Review: A Rose for Melinda
January 30, 2011
Read the review and more after the break. Please note there are a few spoilers.
McDaniel, L. (2002). A rose for Melinda. New York, NY: Laurel Leaf.
Melinda has one wish: to be a famous dancer. Jesse has one wish: to be with Melinda. Both their dreams are derailed when 13-year-old Melinda discovers she has leukemia. Told in letters, emails, and diary entries, this epistolary novel is sure to appeal to future and present Nicholas Sparks fans. While McDaniel never manages to make her different character voices unique enough, the lovesick Jesse comes across as genuine and heartfelt. Jesse grounds the novel, and makes it less manipulative or monotonous. So while Melinda’s life is the story’s tragedy, Jesse’s reactions are the real tearjerkers.
So a teen patron asked me to read this. I hated it for about 50 pages. Then it got better. Maybe I just submitted to it, or maybe it really got better. McDaniel doesn’t have an ear for dialogue. All her characters, young or old, sound exactly the same. Melinda and her friend Bailey come off as whiny little teenagers. At least Melinda is driven, what is Bailey’s excuse? Oh, and Melinda gets cancer so she gets off a little easier. That said, everything about Jesse is surprisingly honest and heartwarming. When he sells his skateboard to buy Melinda roses, well, that got me. Maybe his undying devotion isn’t realistic, but plenty of young boys obsess over childhood friends. And McDaniel does bring home the ending. If I wasn’t invested in the characters, one-dimensional and whiny or not, I wouldn’t have cried.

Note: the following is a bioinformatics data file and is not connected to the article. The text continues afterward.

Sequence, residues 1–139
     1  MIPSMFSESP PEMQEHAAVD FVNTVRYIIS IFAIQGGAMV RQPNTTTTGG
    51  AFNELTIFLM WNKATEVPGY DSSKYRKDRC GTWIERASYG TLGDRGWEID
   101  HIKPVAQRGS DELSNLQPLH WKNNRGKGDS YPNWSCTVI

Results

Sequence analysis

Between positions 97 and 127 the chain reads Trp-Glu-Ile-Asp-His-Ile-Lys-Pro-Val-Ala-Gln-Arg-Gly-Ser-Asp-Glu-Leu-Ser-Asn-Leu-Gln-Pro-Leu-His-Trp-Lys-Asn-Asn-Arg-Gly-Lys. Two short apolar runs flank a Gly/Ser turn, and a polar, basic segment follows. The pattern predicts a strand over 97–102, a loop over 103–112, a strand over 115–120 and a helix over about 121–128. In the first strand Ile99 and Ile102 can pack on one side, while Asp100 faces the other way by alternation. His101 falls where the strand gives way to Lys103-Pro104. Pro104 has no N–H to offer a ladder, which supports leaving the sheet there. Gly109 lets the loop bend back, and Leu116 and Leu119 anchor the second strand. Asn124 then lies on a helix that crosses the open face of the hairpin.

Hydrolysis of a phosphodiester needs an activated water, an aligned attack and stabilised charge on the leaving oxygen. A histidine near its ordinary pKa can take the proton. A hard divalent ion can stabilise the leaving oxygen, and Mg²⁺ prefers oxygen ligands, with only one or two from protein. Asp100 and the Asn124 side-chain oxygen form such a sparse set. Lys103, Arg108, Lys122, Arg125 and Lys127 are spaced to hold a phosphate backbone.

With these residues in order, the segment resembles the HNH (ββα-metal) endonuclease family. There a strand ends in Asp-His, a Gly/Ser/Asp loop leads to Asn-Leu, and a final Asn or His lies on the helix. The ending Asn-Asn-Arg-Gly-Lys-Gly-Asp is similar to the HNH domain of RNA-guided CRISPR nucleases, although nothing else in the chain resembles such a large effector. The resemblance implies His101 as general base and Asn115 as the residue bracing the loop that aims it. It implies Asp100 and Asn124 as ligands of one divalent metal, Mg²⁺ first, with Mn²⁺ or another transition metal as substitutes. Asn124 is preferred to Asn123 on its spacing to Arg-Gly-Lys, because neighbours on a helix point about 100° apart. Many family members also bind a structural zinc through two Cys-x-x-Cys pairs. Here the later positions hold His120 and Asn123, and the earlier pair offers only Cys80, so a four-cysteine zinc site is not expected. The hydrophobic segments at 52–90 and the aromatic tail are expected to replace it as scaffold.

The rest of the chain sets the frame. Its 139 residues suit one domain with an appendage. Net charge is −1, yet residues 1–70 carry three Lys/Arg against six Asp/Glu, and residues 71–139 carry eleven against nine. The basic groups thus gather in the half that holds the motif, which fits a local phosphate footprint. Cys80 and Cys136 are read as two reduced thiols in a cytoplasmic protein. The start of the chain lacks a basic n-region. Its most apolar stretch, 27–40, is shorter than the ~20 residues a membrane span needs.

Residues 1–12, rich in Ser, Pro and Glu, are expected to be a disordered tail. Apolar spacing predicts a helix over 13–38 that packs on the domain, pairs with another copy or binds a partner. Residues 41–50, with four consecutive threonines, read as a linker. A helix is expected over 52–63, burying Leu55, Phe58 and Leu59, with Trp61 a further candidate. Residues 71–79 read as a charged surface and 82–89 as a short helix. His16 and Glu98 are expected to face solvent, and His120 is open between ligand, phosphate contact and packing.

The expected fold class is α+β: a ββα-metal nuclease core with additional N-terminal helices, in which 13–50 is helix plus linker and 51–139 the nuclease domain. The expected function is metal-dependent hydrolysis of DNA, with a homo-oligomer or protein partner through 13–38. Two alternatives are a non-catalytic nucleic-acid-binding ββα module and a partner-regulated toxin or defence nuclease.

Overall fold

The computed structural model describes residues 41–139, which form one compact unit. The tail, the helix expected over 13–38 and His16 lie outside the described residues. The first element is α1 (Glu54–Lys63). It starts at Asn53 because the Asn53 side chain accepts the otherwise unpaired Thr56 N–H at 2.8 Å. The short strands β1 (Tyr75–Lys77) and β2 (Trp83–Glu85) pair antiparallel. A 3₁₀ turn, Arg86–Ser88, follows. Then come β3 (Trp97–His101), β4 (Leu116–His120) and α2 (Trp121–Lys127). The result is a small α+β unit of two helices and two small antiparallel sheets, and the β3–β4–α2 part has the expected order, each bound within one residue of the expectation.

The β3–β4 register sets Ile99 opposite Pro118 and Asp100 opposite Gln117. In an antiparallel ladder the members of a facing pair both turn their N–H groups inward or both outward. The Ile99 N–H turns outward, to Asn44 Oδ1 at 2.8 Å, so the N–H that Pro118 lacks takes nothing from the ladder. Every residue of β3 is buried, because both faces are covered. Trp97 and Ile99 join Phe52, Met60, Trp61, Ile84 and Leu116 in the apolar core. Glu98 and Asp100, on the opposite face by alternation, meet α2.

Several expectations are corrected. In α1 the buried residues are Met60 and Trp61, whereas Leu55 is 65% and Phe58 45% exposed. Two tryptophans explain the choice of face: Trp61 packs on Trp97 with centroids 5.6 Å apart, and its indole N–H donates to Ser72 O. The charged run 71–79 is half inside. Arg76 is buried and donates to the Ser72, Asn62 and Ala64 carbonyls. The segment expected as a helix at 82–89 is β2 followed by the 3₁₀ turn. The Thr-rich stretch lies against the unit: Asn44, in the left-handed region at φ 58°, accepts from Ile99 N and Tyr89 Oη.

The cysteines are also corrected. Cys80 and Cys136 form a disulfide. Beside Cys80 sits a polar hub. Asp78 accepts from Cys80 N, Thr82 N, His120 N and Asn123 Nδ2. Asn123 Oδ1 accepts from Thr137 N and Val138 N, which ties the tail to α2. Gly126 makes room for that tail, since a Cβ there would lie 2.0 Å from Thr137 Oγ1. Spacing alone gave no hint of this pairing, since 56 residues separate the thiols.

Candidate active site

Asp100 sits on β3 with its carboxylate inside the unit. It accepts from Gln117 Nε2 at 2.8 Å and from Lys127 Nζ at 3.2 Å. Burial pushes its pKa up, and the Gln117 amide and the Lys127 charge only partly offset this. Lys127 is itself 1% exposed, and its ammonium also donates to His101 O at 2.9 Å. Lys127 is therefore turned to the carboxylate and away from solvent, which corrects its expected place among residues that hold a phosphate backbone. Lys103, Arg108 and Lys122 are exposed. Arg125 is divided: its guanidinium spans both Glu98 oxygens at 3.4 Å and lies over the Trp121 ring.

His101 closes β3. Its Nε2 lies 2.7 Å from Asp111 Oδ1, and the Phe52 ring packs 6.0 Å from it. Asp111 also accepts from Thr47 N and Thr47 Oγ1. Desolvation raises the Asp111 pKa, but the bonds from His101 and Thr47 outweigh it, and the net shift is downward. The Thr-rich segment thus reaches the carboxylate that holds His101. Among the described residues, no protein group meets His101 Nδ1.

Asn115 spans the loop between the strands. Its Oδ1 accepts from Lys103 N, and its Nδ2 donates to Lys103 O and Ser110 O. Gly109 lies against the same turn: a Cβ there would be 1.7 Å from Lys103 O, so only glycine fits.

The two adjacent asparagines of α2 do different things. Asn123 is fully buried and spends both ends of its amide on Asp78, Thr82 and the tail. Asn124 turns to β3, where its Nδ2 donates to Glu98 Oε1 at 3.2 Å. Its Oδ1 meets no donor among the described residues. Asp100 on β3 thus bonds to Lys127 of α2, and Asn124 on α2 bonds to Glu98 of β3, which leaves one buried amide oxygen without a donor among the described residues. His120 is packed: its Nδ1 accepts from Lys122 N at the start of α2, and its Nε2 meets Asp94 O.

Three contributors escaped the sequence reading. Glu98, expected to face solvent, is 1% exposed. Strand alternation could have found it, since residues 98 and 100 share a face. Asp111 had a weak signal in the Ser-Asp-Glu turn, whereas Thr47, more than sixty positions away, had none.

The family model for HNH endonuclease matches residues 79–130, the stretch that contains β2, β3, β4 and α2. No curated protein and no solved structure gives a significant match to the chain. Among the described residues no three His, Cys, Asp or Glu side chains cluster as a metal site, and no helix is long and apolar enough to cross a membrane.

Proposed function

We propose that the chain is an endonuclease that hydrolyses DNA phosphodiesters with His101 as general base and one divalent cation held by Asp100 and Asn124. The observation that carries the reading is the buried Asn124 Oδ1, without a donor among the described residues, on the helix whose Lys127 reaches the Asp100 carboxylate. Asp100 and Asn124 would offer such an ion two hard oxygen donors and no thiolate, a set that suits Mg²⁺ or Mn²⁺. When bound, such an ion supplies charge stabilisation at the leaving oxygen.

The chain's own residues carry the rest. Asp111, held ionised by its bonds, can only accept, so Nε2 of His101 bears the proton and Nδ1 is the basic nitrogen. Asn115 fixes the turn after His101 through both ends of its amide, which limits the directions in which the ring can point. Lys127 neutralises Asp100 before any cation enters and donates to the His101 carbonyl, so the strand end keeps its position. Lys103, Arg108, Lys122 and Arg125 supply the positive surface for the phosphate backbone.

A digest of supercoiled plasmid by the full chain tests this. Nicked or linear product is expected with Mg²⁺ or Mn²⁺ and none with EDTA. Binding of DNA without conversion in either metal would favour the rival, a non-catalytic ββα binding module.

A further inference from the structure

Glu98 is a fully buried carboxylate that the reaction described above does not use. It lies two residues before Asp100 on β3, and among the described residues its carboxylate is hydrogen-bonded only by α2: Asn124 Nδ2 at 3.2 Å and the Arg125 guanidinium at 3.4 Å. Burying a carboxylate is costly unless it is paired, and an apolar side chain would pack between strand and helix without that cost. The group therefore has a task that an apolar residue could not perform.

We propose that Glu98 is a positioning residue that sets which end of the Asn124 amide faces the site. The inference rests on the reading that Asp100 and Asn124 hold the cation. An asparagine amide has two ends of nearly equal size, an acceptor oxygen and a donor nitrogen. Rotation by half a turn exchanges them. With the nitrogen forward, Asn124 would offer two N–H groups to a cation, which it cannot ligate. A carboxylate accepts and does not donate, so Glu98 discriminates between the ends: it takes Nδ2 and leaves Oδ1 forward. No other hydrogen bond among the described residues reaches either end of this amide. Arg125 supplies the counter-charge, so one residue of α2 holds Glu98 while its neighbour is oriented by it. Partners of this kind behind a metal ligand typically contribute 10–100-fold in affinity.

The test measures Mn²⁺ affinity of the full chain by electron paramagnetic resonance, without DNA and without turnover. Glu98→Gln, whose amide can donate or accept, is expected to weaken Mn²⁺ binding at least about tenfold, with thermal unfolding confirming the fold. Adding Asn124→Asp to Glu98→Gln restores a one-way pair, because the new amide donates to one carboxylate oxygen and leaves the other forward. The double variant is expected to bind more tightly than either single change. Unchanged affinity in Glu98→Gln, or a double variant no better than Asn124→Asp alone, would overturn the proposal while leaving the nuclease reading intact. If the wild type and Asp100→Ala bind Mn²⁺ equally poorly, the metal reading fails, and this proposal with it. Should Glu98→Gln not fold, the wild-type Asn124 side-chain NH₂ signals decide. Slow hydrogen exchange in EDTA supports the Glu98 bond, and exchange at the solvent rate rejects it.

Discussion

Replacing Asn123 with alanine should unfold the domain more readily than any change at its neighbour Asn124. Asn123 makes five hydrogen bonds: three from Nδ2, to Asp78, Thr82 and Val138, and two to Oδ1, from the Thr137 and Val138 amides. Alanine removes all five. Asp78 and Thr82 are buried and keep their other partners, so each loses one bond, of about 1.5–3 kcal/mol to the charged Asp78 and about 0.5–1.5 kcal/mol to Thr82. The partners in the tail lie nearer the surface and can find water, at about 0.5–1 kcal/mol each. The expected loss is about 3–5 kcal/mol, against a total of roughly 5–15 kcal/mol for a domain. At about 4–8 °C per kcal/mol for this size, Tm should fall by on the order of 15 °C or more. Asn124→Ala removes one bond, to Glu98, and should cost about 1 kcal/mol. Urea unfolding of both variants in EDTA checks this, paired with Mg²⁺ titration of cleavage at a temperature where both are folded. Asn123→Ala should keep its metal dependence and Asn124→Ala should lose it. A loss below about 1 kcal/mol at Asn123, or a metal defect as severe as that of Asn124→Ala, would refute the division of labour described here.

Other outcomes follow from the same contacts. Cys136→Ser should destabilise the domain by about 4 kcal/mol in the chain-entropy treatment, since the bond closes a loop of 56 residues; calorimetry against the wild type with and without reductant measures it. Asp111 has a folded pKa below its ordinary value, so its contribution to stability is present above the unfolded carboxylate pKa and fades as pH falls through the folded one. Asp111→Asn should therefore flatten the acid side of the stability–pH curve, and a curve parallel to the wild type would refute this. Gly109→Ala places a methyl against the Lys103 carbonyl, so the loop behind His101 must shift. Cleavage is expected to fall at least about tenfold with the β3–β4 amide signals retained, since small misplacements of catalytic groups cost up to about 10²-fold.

Similar titles (read-a-likes):
If I Stay by Gayle Forman, Anything by Nicholas Sparks, The First Part Last by Angela Johnson, Anything by Melody Carlson